(Washington, D.C.) - President Donald Trump refused to condemn white supremacy during last night’s first televised presidential debate in Ohio. Moreover, he told the followers of the extremist group Proud Boys that they should “stand back and stand by.” Kristen Clarke, president and executive director of the Lawyers’ Committee for Civil Rights Under Law issued the following statement:
“During a time when Black people nationwide are exercising their rights to protest police violence and contending with rising levels of racial violence, President Donald Trump used his debate platform to embolden white supremacists by refusing to disavow their activity and by issuing a directive to Proud Boys to ‘stand by.’
Even the FBI has identified white supremacy as one of the greatest domestic threats that we face today.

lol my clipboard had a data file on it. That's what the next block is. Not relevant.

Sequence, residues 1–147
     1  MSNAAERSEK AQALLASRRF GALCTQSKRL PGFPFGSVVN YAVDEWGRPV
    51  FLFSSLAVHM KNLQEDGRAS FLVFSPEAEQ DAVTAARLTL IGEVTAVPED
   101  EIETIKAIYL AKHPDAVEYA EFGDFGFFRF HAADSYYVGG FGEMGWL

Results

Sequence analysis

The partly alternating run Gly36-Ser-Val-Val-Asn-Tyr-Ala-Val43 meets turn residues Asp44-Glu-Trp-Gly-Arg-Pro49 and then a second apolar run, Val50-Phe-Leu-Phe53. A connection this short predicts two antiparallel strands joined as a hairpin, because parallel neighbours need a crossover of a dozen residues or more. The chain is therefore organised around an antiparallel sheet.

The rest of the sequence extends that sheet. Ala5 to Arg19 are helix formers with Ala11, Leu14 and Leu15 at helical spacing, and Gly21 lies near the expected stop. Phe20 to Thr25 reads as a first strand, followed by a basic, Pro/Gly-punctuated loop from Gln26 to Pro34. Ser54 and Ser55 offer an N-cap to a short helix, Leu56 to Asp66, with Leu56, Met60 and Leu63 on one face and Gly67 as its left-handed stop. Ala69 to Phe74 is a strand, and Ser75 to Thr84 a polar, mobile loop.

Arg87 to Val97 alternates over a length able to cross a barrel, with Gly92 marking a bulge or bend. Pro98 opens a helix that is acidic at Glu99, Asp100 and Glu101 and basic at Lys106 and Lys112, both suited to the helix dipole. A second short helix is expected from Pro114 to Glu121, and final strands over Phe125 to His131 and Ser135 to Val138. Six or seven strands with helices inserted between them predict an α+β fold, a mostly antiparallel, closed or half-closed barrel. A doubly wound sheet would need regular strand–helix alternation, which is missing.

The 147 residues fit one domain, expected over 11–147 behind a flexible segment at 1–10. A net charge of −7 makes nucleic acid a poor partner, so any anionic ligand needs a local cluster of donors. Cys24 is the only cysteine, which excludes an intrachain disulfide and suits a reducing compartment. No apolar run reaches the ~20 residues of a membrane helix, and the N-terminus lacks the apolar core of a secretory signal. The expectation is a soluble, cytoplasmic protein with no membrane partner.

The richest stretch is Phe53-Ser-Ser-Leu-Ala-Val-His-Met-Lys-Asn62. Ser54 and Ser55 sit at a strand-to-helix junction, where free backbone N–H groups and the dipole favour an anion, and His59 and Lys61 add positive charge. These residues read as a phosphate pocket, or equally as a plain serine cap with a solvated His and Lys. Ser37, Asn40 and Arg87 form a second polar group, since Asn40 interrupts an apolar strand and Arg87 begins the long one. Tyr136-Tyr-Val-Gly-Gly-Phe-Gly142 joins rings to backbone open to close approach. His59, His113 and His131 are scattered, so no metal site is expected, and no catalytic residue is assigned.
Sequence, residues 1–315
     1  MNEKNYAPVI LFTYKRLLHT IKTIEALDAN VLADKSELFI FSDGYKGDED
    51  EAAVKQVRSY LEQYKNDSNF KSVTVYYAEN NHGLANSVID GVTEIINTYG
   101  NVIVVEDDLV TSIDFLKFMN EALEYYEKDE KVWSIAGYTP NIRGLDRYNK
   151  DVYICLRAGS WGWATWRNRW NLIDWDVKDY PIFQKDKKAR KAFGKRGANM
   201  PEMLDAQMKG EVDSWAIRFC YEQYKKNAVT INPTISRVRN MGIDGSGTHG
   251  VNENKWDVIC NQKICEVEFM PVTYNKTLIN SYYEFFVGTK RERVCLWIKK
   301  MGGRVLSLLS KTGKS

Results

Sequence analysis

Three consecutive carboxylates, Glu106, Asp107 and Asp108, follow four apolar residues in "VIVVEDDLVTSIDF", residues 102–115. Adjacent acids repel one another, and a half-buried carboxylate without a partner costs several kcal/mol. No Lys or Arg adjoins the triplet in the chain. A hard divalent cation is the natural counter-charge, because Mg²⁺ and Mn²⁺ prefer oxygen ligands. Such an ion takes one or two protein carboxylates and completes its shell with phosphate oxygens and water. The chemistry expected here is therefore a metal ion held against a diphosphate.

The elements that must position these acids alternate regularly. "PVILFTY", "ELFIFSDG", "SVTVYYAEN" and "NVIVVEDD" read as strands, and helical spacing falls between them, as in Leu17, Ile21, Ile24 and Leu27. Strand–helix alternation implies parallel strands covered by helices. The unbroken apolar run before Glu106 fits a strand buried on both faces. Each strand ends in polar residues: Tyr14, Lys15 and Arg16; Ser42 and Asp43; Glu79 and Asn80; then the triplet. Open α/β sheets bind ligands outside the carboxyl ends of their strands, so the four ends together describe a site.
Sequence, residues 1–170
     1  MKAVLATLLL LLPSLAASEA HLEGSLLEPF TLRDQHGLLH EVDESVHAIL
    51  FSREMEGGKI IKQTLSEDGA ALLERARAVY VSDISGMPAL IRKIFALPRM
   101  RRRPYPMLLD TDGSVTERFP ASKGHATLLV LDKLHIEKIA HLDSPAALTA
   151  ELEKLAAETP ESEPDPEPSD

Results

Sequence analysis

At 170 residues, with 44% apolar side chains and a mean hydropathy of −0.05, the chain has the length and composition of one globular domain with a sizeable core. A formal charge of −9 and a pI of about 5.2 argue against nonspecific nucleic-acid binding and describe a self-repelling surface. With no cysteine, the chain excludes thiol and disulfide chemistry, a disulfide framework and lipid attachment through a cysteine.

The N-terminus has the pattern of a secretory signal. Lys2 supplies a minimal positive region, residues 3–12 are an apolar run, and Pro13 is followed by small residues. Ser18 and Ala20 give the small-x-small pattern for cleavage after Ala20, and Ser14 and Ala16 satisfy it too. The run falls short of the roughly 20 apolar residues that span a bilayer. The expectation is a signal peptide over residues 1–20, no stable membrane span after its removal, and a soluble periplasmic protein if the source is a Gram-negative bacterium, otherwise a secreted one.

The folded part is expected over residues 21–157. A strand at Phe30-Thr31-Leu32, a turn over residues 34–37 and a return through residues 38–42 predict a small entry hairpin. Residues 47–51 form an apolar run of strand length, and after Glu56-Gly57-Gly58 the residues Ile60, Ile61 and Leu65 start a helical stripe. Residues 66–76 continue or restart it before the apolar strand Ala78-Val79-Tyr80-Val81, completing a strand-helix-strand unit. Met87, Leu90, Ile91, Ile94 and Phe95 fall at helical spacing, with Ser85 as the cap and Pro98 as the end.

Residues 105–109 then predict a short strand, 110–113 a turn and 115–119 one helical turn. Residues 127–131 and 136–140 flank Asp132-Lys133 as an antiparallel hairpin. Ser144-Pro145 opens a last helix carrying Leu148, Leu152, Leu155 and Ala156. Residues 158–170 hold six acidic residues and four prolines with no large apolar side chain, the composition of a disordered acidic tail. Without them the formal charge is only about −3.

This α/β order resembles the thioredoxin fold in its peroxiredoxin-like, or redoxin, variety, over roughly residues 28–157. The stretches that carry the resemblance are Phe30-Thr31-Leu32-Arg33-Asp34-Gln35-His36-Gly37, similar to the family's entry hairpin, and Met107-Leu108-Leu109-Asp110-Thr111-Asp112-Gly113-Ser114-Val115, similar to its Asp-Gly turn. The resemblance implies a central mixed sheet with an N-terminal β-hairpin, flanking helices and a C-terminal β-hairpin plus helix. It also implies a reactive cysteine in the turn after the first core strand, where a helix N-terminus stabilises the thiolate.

The president’s silence and acquiescence present a clear and present danger to Black people, who are most frequently targeted by incidents of hate.
“We are also deeply concerned by President Trump’s persistent attack on mail balloting and his efforts to activate poll watchers in certain communities like Philadelphia. Attacks on mail balloting seek to undermine the public's confidence in on method of voting that is safe, secure and necessary amid the pandemic. Efforts to deploy poll watchers to areas that are home to large number of Black and brown voters are nothing more than thinly veiled attempts to intimidate and discourage turnout among voters of color.”
The Lawyers’ Committee for Civil Rights Under Law, a nonpartisan, nonprofit organization, was formed in 1963 at the request of President John F. Kennedy to involve the private bar in providing legal services to address racial discrimination. Now in its 56th year, the Lawyers’ Committee for Civil Rights Under Law is continuing its quest to “Move America Toward Justice.” The principal mission of the Lawyers’ Committee for Civil Rights Under Law is to secure, through the rule of law, equal justice for all, particularly in the areas of criminal justice, fair housing and community development, economic justice, educational opportunities, and voting rights.